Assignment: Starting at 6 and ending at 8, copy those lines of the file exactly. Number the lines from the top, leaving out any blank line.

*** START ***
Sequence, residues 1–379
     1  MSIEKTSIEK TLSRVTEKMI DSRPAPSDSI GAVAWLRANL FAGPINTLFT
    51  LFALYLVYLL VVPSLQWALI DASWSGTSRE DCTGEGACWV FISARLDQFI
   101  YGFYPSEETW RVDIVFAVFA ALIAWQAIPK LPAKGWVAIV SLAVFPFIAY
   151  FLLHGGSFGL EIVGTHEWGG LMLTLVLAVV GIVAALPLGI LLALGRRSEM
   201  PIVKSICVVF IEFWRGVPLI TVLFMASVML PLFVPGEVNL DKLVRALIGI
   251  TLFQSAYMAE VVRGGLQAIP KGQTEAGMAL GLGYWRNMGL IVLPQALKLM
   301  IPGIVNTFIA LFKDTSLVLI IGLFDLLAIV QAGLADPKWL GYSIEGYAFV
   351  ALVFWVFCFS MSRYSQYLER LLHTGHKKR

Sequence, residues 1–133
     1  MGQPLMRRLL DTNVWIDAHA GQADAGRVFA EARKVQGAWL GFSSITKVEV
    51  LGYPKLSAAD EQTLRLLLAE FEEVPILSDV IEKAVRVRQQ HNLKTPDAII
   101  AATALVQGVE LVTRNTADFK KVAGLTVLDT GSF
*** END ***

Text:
   201  PIVKSICVVF IEFWRGVPLI TVLFMASVML PLFVPGEVNL DKLVRALIGI
   251  TLFQSAYMAE VVRGGLQAIP KGQTEAGMAL GLGYWRNMGL IVLPQALKLM
   301  IPGIVNTFIA LFKDTSLVLI IGLFDLLAIV QAGLADPKWL GYSIEGYAFV